Robert Cadell

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Graham Fyvie, Robert Cadell and Robert Cunningham Graham Spiers, by Hill & Adamson.
The grave of Robert Cadell, Greyfriars Kirkyard

Robert Cadell (16 December 1788 – 20 January 1849) was a bookseller and publisher closely associated with Sir Walter Scott.


He was born at Cockenzie, East Lothian, Scotland, the fifth son of John Cadell, a Laird of Cockenzie, and Marie Buchan, his wife.

Cadell's career began as a clerk at Archibald Constable & Co., Sir Walter Scott's publisher, where he later (1809) became a partner in the business. The connection to Constable was also personal: Cadell married his daughter Elizabeth in October 1817. She died less than nine months later. Cadell married again (to Anne Fletcher Mylne) in 1821, adding to the friction which had developed between Constable and Cadell since the death of Elizabeth. The two men were very different characters: Cadell was cautious and lived plainly, while Constable's lifestyle was lavish and he took risks in business.

When Constable's London agents Hurst Robinson went bankrupt and Archibald Constable & Co. itself fell into receivership in January 1826 through the effects of Scott's own bankruptcy, the partnership between Cadell and Constable dissolved. Scott chose to remain with Cadell, respecting Cadell's prudence in business affairs.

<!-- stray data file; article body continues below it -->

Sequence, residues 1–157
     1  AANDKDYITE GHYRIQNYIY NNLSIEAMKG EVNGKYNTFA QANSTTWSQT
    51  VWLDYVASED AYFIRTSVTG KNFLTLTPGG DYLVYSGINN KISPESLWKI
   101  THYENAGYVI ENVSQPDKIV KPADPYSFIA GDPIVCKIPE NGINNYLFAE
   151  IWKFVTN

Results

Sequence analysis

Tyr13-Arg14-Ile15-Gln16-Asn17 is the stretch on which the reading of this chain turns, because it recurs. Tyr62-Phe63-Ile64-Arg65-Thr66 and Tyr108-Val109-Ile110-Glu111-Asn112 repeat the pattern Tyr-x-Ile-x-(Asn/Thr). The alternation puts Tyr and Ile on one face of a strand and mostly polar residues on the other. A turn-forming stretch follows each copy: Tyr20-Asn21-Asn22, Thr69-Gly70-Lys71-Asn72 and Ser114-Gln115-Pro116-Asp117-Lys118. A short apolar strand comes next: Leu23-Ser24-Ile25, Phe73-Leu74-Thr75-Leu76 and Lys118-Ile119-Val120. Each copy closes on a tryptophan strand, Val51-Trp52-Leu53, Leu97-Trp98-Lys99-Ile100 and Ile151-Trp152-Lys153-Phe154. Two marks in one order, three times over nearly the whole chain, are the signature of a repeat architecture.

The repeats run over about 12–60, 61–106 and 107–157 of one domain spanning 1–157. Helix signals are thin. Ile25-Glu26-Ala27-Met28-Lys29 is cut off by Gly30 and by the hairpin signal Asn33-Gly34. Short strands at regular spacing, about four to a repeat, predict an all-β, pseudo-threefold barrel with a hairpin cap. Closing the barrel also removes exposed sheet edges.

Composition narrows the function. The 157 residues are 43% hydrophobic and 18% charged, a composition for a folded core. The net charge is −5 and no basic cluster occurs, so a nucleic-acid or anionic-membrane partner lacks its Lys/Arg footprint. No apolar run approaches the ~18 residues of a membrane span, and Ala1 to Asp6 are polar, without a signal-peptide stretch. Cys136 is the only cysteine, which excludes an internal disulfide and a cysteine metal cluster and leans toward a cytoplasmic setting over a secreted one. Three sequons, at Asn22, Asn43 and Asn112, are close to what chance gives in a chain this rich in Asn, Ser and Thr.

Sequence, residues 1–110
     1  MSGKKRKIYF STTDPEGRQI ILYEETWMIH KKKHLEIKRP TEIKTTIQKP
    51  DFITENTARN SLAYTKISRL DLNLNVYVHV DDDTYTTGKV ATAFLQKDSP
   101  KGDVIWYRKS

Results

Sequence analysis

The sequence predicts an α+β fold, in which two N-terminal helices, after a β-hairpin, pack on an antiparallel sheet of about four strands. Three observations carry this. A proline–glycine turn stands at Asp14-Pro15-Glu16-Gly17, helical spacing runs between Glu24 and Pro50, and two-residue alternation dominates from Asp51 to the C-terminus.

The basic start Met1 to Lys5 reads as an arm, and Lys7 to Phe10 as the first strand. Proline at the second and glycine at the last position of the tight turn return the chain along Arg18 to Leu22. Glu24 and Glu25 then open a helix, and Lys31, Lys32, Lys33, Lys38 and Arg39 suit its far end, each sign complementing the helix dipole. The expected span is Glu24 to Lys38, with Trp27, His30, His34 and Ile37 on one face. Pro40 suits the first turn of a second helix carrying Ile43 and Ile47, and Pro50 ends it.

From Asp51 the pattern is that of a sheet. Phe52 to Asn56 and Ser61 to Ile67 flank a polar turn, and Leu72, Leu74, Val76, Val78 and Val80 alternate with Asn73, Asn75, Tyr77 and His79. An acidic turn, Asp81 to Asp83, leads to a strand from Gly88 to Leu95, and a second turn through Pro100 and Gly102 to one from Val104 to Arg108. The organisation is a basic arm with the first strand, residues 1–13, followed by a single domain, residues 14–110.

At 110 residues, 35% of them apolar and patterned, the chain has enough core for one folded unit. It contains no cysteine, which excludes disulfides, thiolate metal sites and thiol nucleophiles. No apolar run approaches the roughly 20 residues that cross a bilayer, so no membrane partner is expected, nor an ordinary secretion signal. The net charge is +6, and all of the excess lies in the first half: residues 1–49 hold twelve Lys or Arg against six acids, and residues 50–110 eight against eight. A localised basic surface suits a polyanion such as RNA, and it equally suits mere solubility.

Scott and Cadell purchased the copyright to Scott's novels and produced a new edition of the Waverley novels including new material penned by Scott. The work to create this ‘author's edition’ commenced in 1827 and was highly successful, in part perhaps because of the illustrations executed for it by J. M. W. Turner.

Cadell took care of Scott in the writer's last years, profiting handsomely from arrangements made with Scott's family after his death such that they were absolved from debt in return for Cadell's exclusive right to republish Scott's novels and biographical material. On Scott's death, Cadell paid £30,000 for Scott's share of the copyright on Scott's work, thereafter owning it outright.[1] Cadell's wealth enabled him to acquire considerable land and personal property, including Ratho House, in Midlothian.

He died at the family home in Cockenzie on 20 January 1860 and is buried in Greyfriars Kirkyard in central Edinburgh.[2] The grave stands at the head of one of the western lines in the western extension.


He first married Elizabeth Constable, daughter of his employer Archibald Constable. She died in 1818.

He was then married to Anne Fletcher Mylne (1796-1867).

They had a son John in 1826 who only lived for 6 weeks. Their daughter Emily (1821-1832) also died young.


  1. ^ Monuments and monumental inscriptions in Scotland: The Grampian Society, 1871
  2. ^ Monuments and monumental inscriptions in Scotland: The Grampian Society, 1871